Yes, Cat On A Hot Tin Roof is a Musical! The Story Behind Tennessee Williams’ Broadway Hit

Cat on a Hot Tin Roof is a play written by Tennessee Williams in 1955. It is set on a Mississippi plantation during the mid-1950s and focuses on the conflicts within a wealthy Southern family. The play examines themes of greed, lies, the ignorance of reality, and the power of sexuality.

The story centers around Maggie, a beautiful young woman unhappily married to Brick, a former football star and the son of Big Daddy, a wealthy cotton tycoon. On Brick’s birthday, his family gathers at the plantation to celebrate Big Daddy’s recent clean bill of health. However, Big Daddy is actually dying of cancer and the family has lied to him about his prognosis. As the play unfolds, family secrets and lies are revealed, and Maggie and Brick struggle to save their crumbling marriage.

The Play

cat on a hot tin roof first opened on broadway in 1955, directed by elia kazan
Cat on a Hot Tin Roof was written by American playwright Tennessee Williams. It made its Broadway debut at the Morosco Theatre on March 24, 1955 and ran for 694 performances. The original production was directed by Elia Kazan and starred Barbara Bel Geddes as Maggie, Burl Ives as Big Daddy, and Ben Gazzara as Brick.

Cat on a Hot Tin Roof won the 1955 Pulitzer Prize for Drama. The Pulitzer committee praised the play as a “distinguished drama which . . . penetrates deeply into the universal meaning of family relationship – both as they exist in present day Southern culture and as they reflect standards common to all humanity.”

The play marked a new direction for Williams, who had previously focused on sensitive protagonists. With Cat on a Hot Tin Roof, he created an angry family drama that was his first popular success and established him as a major force in 20th century American theater.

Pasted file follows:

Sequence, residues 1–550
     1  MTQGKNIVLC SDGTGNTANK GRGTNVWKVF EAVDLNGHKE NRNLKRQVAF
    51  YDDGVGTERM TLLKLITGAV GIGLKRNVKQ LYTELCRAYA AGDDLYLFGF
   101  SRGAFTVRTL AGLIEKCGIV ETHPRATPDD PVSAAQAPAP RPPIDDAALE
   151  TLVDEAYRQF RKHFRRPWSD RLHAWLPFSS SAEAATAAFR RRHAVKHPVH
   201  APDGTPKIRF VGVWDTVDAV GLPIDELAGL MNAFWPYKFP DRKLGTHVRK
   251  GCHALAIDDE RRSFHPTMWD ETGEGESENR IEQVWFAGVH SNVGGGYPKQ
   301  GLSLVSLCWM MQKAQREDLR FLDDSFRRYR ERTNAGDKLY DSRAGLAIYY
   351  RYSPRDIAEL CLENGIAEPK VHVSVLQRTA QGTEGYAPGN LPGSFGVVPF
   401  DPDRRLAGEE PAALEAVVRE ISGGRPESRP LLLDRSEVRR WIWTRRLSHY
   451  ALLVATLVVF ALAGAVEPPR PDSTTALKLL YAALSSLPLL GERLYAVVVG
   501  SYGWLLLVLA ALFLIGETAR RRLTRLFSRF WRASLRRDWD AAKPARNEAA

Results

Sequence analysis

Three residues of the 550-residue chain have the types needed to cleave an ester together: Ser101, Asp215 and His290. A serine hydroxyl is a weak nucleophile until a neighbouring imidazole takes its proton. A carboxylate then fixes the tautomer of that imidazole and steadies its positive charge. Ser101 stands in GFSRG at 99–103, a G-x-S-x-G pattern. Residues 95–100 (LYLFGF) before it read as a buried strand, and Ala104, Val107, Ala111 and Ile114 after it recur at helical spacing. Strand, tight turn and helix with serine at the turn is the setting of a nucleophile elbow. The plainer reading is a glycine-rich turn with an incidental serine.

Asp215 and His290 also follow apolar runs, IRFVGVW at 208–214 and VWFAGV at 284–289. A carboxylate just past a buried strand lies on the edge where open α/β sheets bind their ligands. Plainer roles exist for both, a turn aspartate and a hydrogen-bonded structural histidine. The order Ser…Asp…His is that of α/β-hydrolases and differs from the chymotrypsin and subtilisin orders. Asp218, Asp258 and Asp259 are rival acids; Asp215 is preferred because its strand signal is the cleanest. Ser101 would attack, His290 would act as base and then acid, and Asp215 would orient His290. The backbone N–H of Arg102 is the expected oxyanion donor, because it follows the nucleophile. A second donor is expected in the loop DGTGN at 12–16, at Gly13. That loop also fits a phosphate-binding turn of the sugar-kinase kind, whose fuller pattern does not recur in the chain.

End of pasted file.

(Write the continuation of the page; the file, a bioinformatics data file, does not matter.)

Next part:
Broadway Production

The original Broadway production of Cat on a Hot Tin Roof opened at the Morosco Theatre on March 24, 1955. It was directed by Elia Kazan and featured Barbara Bel Geddes as Maggie and Ben Gazzara as Brick. According to Playbill, it ran for a total of 694 performances before closing on November 17, 1956 [1].

Barbara Bel Geddes, best known for her role as Miss Ellie in the TV series Dallas, originated the role of Maggie the Cat on Broadway. Ben Gazzara played her alcoholic husband Brick Pollitt. Both actors received praise for their powerful performances. Brooks Atkinson of the New York Times wrote that “Miss Bel Geddes and Mr. Gazzara give performances of astonishing power” [2].

Elia Kazan’s direction brought out the emotional intensity and psychological drama within Williams’ script. The play tackled complex themes like greed, sexual desire and dysfunction against the backdrop of a wealthy Southern family. While not without controversy, Cat on a Hot Tin Roof was both a critical and commercial success during its initial Broadway run.

1958 Film Adaptation

the 1958 film adaptation starred elizabeth taylor, paul newman and burl ives

In 1958, the play was made into a film directed by Richard Brooks and starring Elizabeth Taylor as Maggie, Paul Newman as Brick, and Burl Ives as Big Daddy. Some key facts about the 1958 film adaptation include:

The film was directed by Richard Brooks, who adapted the screenplay himself (Source). Brooks made several changes from the original play, including removing references to Brick’s homosexual desires.

The main stars were Elizabeth Taylor as Maggie, Paul Newman as Brick, and Burl Ives as Big Daddy. Taylor and Newman were at the peak of their fame and popularity at this time (Source).